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Lawn removal and design tips from the UC Davis Arboretum and Public Garden Team

Photo of Cary Avery, Associate Director, UC Davis Grounds and Landscape ServicesCARY AVERY, Associate Director, UC Davis Grounds and Landscape Services: “If you are trying to get rid of Bermuda grass, don’t rush the process. Spray it with an herbicide, wait for it to die, remove it, then, if you can, give it another growing season to pop-up and repeat the steps above. You’ll be glad you did.”

 

Photo of UC Davis Arboretum Director of Horticulture Ellen Zagory.ELLEN ZAGORY, Director of Horticulture, UC Davis Arboretum: “Davis residents have a leg-up in the lawn-removal process living so close to the Arboretum Teaching Nursery. The plants we’ve selected for this conversion are available at our plant sales. Attractive, low-water, easy-care, region-appropriate plants, that’s our specialty…no need to reinvent the wheel! We’ve removed a lot of the guesswork typically associated with this kind of project.”

 

Photo of Andrew Fulks, Director of UC Davis Putah Creek Riparian Reserve and Campus Naturalized LandANDREW FULKS, Director, UC Davis Putah Creek Riparian Reserve and Campus Naturalized Landscapes: “Leaving a bare patch of dirt in your yard for a season or two while your grass dies can be difficult. Consider spreading wildflower seed over the area in the meantime, like we did on La Rue Road. The growth will provide a season of color and beauty as well as deliver necessary nutrition to your soil.”

 

Photo of Matt Forrrest, Irrigation Supervisor, UC Davis Grounds and Landscape ServicesMATT FORREST, Irrigation Supervisor, UC Davis Grounds and Landscape Services: “We switched our irrigation delivery in the median from spray to sub-surface drip line. Now, instead of measuring water use by gallons per minute, we’ll measure water use in gallons per hour! We’ll be providing moisture in the soil where the plants need it most instead of wasting water by spraying it into the air.”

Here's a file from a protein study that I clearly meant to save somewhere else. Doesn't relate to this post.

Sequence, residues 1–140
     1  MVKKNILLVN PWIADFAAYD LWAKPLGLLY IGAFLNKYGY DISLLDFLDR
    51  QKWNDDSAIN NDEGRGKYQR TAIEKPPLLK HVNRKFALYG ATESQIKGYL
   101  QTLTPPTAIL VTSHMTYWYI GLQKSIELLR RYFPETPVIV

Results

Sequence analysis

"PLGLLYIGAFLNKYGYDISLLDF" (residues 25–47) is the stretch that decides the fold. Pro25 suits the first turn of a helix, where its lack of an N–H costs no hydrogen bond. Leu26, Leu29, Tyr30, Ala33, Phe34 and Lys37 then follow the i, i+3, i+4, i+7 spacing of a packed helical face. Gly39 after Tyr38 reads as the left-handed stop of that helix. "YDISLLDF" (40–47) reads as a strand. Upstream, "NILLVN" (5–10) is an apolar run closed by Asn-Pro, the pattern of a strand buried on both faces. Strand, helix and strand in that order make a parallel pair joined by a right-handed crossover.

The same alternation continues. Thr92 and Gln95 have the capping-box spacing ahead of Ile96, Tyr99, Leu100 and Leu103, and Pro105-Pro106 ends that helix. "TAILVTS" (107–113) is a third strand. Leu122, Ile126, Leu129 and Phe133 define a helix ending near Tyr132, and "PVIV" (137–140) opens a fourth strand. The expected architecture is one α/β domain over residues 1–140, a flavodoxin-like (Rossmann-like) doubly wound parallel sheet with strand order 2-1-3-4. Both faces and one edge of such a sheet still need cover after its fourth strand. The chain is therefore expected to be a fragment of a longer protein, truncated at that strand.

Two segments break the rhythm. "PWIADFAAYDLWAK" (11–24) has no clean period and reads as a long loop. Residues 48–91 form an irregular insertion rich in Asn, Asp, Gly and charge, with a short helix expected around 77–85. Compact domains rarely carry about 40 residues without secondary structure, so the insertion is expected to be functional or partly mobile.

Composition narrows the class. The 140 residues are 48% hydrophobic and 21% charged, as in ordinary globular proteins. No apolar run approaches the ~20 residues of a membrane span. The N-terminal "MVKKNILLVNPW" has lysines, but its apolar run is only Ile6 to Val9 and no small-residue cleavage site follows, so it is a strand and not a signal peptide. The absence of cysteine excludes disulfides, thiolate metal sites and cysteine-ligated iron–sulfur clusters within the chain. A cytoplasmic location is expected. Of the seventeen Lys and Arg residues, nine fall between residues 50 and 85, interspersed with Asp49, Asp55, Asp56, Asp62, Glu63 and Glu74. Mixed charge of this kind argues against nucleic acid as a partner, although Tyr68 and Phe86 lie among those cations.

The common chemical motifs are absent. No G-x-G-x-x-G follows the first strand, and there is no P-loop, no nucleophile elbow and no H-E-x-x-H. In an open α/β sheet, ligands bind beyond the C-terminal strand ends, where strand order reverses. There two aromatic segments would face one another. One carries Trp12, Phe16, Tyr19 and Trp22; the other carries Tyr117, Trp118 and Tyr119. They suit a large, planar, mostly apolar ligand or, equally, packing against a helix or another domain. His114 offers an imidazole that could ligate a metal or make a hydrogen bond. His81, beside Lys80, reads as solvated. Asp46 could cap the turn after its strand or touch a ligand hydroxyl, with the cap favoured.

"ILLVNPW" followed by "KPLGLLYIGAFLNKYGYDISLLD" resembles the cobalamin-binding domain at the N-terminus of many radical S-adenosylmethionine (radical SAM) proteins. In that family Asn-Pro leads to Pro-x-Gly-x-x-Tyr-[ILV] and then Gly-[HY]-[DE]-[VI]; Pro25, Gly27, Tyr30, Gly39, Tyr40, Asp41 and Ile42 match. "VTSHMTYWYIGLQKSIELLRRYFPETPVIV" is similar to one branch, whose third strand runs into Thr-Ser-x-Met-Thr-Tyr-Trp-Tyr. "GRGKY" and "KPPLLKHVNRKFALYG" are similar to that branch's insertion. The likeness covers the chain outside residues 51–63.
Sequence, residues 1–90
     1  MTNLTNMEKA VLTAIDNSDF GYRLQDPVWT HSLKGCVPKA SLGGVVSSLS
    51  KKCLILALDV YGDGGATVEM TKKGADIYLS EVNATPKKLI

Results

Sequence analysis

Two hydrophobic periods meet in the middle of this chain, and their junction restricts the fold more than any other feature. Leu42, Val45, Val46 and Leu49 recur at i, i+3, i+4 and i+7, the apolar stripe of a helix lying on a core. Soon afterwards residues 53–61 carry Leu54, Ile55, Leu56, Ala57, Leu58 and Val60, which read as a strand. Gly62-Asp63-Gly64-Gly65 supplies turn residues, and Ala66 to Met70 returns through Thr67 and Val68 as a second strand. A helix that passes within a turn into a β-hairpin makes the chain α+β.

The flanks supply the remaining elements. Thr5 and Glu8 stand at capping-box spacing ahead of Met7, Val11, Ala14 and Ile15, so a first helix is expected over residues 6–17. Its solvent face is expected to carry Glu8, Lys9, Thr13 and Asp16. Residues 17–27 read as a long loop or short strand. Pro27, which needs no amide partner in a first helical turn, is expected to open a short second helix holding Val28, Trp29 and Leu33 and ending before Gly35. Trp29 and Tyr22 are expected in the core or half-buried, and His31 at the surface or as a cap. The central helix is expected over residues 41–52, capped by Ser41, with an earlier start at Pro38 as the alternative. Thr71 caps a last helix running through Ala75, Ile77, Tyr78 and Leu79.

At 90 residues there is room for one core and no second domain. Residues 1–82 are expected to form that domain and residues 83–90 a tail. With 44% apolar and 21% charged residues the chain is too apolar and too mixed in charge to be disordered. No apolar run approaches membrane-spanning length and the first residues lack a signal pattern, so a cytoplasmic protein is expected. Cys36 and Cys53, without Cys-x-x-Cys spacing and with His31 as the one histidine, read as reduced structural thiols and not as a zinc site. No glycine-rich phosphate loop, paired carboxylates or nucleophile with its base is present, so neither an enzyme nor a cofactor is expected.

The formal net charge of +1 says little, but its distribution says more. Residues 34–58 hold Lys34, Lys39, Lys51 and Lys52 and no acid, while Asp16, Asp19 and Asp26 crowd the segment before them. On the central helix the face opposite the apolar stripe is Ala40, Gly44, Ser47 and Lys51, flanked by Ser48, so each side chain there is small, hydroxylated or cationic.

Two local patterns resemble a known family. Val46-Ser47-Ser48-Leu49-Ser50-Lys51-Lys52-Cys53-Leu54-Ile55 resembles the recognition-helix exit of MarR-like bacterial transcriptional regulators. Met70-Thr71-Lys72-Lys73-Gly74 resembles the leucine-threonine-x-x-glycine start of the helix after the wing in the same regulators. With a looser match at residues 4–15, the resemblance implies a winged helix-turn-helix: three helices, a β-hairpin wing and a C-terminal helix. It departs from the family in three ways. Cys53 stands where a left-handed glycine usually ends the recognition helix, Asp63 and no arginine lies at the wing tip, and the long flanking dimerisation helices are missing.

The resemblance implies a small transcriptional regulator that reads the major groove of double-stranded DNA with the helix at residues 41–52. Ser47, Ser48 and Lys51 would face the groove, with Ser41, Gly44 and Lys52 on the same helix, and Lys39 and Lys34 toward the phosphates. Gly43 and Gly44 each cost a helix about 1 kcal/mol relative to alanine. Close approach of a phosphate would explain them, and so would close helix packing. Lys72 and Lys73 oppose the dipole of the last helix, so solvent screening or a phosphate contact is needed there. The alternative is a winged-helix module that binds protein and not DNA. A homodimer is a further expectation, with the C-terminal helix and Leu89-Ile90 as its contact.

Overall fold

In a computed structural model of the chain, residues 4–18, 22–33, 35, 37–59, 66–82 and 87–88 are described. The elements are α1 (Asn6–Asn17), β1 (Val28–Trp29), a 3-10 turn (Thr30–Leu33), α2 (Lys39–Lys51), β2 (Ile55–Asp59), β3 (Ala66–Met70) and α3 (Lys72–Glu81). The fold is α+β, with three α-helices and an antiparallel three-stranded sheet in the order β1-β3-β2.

Photo of Christina De Martini Reyes, Landscape Architect, UC Davis Campus Planning and Landscape ArchitectureCHRISTINA DE MARTINI REYES, Landscape Architect, UC Davis Campus Planning and Landscape Architecture: “Designing the median of a busy street requires a whole different way of looking at landscapes. The goal is to deliver engagement without distraction and consistency without monotony. For me the key to achieving this goal was incorporating one of the central valley’s most versatile native trees, the valley oak. It unified the median while allowing the landscape beneath to shift in pattern and composition.”

4 Comments

  1. Tom March 5, 2013 Reply

    Great tips! Are there any enviro-friendly herbicides?

    • Author
      Katie Hetrick March 7, 2013 Reply

      Hi Tom!

      There are enviro-friendly herbicides. Cary Avery, associate director of grounds and landscape services, suggests that vinegar is somewhat effective as an herbicide for broadleaf weeds for the home gardener.

      There is also a product called burnout organic herbicide on the market now. Both of these would work for small applications as well has good old fashioned weed pulling or using a hoe or shovel to remove weeds.

      • Tom March 8, 2013 Reply

        Thank you. Nice article in the Enterprise, Katie!

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